Ph.D. Candidate, Department of History of Art, Bryn Mawr
Wyeth Fellow, Center for Advanced Study in the Visual Arts, National Gallery of Art
2018 to 2019
Fellow in Residence
Becoming Photography: The American Development of a Medium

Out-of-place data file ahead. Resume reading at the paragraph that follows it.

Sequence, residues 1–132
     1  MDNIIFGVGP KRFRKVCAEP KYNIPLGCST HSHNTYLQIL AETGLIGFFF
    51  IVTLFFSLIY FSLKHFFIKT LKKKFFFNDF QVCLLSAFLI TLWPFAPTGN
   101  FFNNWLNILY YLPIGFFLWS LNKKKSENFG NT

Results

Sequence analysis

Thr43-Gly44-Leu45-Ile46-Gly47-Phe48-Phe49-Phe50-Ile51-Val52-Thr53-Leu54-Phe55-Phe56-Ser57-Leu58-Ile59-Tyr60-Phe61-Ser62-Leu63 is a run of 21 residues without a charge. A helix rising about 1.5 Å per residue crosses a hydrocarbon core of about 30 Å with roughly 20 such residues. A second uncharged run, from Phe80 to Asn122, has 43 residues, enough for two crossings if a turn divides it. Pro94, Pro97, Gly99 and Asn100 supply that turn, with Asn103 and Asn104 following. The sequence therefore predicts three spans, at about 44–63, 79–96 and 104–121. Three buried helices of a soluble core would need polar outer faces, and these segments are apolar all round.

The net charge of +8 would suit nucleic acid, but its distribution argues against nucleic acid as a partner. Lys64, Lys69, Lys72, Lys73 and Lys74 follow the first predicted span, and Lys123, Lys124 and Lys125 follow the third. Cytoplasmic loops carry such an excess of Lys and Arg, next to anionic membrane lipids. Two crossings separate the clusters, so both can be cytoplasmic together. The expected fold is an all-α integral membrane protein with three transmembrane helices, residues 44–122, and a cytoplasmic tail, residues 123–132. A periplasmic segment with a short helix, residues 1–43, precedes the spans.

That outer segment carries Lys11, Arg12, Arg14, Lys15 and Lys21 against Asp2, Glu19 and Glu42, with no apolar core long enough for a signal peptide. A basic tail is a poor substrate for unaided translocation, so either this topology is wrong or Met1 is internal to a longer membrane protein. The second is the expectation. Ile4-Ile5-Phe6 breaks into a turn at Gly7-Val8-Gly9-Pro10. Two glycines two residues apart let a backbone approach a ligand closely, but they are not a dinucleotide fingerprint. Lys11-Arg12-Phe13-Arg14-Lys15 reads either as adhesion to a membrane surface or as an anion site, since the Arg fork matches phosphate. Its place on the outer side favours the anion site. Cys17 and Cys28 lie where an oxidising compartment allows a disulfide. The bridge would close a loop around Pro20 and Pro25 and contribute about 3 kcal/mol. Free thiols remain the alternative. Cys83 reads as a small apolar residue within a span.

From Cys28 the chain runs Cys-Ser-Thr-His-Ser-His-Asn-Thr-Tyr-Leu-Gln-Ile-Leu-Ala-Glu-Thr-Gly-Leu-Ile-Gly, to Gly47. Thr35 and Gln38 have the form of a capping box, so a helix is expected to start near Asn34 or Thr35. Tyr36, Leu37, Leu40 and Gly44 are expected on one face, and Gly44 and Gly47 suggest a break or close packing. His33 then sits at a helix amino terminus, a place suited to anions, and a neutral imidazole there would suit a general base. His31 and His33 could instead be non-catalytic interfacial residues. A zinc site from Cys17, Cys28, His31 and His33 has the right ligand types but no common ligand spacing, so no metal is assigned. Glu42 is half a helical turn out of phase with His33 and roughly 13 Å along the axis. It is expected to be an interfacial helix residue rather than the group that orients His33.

This dissertation theorizes the medium of photography as a material and epistemological practice as it emerged within early nineteenth-century America. Through an analysis of the scientific, technological, and photographic works of American scientists and artisans such as Robert Hare, Joseph Saxton, Paul Beck Goddard, Robert Cornelius, and Eadweard Muybridge, I narrate an American origin story for the medium, one that confounds both the traditional understanding of the history of the photograph's invention as well as the understanding of the photograph as a fine art object. I argue that it is through the work of pioneering artisans and scientists in the United States that photography only gradually becomes what we largely recognize it as today--an automatic and instantaneous image. This project shows the inextricability of a history of science with the history of photography, demonstrating the importance of American artisans and scientists in the development of the medium.